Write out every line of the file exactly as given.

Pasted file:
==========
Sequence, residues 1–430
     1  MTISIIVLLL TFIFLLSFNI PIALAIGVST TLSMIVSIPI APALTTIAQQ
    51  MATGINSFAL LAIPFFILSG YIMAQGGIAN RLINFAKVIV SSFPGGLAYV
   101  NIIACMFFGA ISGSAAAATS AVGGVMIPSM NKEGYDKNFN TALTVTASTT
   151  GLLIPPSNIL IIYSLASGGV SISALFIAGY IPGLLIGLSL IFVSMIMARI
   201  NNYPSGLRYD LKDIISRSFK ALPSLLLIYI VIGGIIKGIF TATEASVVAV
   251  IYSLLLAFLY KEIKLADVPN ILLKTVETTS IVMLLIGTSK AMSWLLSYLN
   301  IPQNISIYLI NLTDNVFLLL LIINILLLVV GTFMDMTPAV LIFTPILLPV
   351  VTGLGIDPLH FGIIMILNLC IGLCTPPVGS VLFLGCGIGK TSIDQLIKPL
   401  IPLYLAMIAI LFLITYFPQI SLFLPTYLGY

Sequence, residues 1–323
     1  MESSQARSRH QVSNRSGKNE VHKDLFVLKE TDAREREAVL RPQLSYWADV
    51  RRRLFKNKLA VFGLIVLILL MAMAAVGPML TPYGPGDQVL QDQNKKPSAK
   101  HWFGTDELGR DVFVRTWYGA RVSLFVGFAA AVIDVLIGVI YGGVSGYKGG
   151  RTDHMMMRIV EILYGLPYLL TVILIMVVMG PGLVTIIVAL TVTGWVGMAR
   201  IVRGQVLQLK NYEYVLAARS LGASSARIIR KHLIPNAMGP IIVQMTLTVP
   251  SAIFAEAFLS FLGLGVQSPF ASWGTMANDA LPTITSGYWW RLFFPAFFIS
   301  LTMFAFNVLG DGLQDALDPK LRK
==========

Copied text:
Sequence, residues 1–430
     1  MTISIIVLLL TFIFLLSFNI PIALAIGVST TLSMIVSIPI APALTTIAQQ
    51  MATGINSFAL LAIPFFILSG YIMAQGGIAN RLINFAKVIV SSFPGGLAYV
   101  NIIACMFFGA ISGSAAAATS AVGGVMIPSM NKEGYDKNFN TALTVTASTT
   151  GLLIPPSNIL IIYSLASGGV SISALFIAGY IPGLLIGLSL IFVSMIMARI
   201  NNYPSGLRYD LKDIISRSFK ALPSLLLIYI VIGGIIKGIF TATEASVVAV
   251  IYSLLLAFLY KEIKLADVPN ILLKTVETTS IVMLLIGTSK AMSWLLSYLN
   301  IPQNISIYLI NLTDNVFLLL LIINILLLVV GTFMDMTPAV LIFTPILLPV
   351  VTGLGIDPLH FGIIMILNLC IGLCTPPVGS VLFLGCGIGK TSIDQLIKPL
   401  IPLYLAMIAI LFLITYFPQI SLFLPTYLGY

Sequence, residues 1–323
     1  MESSQARSRH QVSNRSGKNE VHKDLFVLKE TDAREREAVL RPQLSYWADV
    51  RRRLFKNKLA VFGLIVLILL MAMAAVGPML TPYGPGDQVL QDQNKKPSAK
   101  HWFGTDELGR DVFVRTWYGA RVSLFVGFAA AVIDVLIGVI YGGVSGYKGG
   151  RTDHMMMRIV EILYGLPYLL TVILIMVVMG PGLVTIIVAL TVTGWVGMAR
   201  IVRGQVLQLK NYEYVLAARS LGASSARIIR KHLIPNAMGP IIVQMTLTVP
   251  SAIFAEAFLS FLGLGVQSPF ASWGTMANDA LPTITSGYWW RLFFPAFFIS
   301  LTMFAFNVLG DGLQDALDPK LRK